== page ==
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FAN VIEW: Steve Parish will get plenty of blame for Tony Pulis exit, but it takes two to tango

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CRYSTAL Palace fan and Advertiser reporter ANDREW JAMESON on why, despite the blame game, we'll probably never know who's at fault in the Tony Pulis/Steve Parish fall-out...

It's a difficult one.

Now it would be very easy to lay all of the blame at the feet of Steve Parish. And in a situation where all we can go on is speculation - I don't think Parish will be apearing on Piers Morgan's Life Stories to talk about this anytime soon - it seems he will take the brunt of Palace fans' frustration.

It would be easy to back Parish to the hilt. While he is one of four owners, he is undeniably the driving force behind the club's relentless upward curve of the last four years. He is now the full-time chairman and Steve Browett has intimated on numerous occasions that the Tag founder runs the show.

Save for George Burley, he has largely made right decisions at every step along the way. For a start, he sacked Burley when it became apparent he was woefully short of what was required. He then took a chance on a young Dougie Freedman and, for a while, things looked rosy and the club enjoyed success. But after a run to a League Cup semi final and with Palace sitting pretty at the top of the Championship, Freedman walked and went to Bolton.

As is the irritating will of a portion of the Palace faithful, fans went off on one and slated Freedman till the cows came home. Never mind the man was probably in the top five club legends of all time, Our Dougie became a pariah. Rumours of Freedman being the lowest paid manager in the division didn't matter, the man shouldn't have walked because he was Palace.

But getting back to the crux of the matter, Parish replaced him with Holloway. Holloway didn't set the world alight in his time at Selhurst but he took the club up. You can't ask for much more. But crucially - and this is another one where we're really just guessing as to what happened - Holloway left when our Premier League campaign was looking doomed.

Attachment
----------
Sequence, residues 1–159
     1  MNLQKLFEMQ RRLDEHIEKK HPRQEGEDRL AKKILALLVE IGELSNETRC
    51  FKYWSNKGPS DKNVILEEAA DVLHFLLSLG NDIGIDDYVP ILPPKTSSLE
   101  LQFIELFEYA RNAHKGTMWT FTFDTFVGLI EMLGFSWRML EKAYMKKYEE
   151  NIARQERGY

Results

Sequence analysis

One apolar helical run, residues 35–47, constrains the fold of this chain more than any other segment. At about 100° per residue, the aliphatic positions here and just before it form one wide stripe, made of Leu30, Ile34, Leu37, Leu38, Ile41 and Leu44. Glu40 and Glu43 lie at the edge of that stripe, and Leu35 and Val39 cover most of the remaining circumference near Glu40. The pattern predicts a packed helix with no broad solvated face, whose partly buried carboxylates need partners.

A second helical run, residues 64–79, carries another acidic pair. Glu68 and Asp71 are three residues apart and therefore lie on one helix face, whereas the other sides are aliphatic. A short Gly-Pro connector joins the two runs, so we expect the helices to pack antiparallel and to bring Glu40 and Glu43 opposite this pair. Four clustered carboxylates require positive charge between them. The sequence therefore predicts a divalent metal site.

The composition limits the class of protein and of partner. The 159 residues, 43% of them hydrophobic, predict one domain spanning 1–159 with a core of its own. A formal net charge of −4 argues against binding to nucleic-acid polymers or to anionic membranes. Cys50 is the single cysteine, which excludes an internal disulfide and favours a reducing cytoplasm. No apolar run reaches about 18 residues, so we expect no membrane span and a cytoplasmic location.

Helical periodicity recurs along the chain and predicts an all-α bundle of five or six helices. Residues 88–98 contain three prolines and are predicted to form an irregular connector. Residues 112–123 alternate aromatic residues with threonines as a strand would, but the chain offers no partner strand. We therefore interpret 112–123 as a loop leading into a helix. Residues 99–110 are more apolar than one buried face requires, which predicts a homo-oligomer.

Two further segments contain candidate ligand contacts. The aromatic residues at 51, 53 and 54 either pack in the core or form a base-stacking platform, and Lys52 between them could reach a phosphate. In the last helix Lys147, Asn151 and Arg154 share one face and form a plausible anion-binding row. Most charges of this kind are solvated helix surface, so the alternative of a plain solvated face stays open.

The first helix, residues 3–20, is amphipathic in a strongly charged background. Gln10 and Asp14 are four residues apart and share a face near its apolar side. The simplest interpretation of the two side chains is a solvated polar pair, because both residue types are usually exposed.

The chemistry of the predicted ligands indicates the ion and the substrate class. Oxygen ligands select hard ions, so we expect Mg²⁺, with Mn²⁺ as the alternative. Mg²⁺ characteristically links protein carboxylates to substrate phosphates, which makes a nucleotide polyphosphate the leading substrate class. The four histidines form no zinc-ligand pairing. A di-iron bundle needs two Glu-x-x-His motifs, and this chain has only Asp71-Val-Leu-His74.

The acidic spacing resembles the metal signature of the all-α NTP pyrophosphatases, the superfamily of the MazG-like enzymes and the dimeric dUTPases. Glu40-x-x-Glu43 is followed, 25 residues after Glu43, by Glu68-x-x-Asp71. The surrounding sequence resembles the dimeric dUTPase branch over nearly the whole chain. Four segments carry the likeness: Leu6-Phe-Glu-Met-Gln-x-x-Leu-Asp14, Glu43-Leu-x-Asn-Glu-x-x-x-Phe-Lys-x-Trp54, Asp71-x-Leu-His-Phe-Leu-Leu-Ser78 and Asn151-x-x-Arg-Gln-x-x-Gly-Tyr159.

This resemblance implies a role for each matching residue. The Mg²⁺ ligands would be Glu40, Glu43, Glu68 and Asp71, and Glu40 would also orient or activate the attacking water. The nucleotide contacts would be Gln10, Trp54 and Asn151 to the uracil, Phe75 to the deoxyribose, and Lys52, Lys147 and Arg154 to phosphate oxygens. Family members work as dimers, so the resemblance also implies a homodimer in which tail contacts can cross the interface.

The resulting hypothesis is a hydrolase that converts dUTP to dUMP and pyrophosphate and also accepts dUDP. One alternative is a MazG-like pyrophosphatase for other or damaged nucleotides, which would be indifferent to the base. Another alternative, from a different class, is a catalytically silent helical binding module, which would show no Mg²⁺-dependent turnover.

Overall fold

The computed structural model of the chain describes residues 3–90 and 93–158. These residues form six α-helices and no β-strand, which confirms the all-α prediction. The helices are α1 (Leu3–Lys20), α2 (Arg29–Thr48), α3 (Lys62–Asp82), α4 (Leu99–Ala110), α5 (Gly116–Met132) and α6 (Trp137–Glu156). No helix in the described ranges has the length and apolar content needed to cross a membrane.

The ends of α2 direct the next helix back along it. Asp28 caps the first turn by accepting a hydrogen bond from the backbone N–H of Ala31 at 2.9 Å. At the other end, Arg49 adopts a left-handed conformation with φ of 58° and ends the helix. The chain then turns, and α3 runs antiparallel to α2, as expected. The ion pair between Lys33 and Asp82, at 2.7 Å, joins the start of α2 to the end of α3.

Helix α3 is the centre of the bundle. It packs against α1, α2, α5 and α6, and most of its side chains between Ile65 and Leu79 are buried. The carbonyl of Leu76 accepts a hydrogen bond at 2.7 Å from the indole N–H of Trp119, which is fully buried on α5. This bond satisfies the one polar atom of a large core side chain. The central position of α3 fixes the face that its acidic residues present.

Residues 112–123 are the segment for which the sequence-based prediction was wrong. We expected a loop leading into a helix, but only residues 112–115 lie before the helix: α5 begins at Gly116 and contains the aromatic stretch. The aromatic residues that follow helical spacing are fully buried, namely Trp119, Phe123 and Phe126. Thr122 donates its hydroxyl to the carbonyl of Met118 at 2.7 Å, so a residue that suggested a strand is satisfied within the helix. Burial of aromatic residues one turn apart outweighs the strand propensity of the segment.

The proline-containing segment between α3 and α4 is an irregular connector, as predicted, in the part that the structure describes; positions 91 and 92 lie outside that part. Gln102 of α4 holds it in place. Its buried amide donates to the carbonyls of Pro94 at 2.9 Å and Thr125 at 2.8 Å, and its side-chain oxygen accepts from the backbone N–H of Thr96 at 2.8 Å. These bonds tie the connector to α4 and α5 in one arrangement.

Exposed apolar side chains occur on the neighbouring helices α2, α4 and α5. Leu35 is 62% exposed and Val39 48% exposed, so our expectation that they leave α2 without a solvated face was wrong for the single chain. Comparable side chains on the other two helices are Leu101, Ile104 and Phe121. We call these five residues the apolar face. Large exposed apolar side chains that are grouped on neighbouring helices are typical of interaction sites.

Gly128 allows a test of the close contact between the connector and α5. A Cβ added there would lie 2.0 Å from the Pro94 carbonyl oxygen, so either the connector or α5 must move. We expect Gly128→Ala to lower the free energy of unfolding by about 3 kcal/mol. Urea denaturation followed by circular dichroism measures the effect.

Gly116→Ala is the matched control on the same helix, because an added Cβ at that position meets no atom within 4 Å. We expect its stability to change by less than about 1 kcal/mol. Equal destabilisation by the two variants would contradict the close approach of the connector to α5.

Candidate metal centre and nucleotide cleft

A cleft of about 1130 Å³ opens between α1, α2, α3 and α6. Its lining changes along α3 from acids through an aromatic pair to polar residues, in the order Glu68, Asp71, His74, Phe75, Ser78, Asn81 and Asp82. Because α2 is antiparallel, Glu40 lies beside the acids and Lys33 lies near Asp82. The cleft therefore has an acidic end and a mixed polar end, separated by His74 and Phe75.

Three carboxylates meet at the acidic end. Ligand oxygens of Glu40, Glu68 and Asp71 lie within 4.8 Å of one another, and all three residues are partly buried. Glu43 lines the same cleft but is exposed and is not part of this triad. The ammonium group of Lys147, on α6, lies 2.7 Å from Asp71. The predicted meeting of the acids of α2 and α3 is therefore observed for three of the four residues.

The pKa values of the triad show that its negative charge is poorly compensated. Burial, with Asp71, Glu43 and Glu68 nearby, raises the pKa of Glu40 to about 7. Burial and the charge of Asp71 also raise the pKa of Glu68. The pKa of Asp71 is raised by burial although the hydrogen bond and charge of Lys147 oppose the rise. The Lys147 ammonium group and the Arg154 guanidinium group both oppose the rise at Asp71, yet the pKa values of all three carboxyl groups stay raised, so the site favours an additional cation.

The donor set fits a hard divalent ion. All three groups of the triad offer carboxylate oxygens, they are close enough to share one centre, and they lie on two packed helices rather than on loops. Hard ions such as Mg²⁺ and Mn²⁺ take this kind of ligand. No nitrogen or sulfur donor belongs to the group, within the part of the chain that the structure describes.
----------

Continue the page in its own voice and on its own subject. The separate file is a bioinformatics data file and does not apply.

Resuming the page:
Then we waited. My God did we wait. At one of the more awkward press conferences in history at which Holloway announced his departure, Parish was asked about Pulis in front of Holloway. He replied that the former Stoke manager had never been relegated and said he sounded a good option.

But yet we waited a month. That month's wait is looking more and more significant every time I look at it. Whether Pulis didn't want the job or whether Parish wasn't keen - it doesn't matter, it was clear no one jumped at the move.

And now this. After a miracle turnaround which led to proper real actual pundits backing us to finish TWELFTH having only bought two players this summer, we have no manager.

Has Parish been obstructive? Comments from the man himself have suggested he's not an easy boss to work for. But then he speaks so much bloody sense in interviews, you can't help but admire the guy. If, as has been suggested, Pulis was miffed at missing out on players, then again, I'd say it's a difficult one.

It's very hard to have a go at Parish for protecting the financial security of the club, but with Pulis, it looked as if we'd struck gold. Maybe Pulis was unhappy with the way he'd been sold the job and its financial realities or maybe he took it as a stop gap. If he has, it's served as a hugely reputation-enhancing stop gap.

Parish will take more than a few hits after this. Four managers in four years isn't great - after all it's not a dissimilar record to that of the not much-missed Simon Jordan. (Incidentally, Jordan's defence of Parish after yesterday's events - given his derogatory comments about Parish in his book - may help the current Palace chairman more than he knows.)

I also doubt Pulis is clean as a whistle over this. What a horrible cliche this is, but it really does take two to tango. Did he ever take to the club really? And unless Parish really is a massive Jekyll and Hyde character - if Pulis has walked rather than been sacked, how much did he care?

But unless we get the truth, which from within a football club is unlikely, then it's hard to know who to back. As with Freedman's departure, we'll just have to keep guessing.

FAN VIEW: Steve Parish will get plenty of blame for Tony Pulis exit, but it takes two to tango


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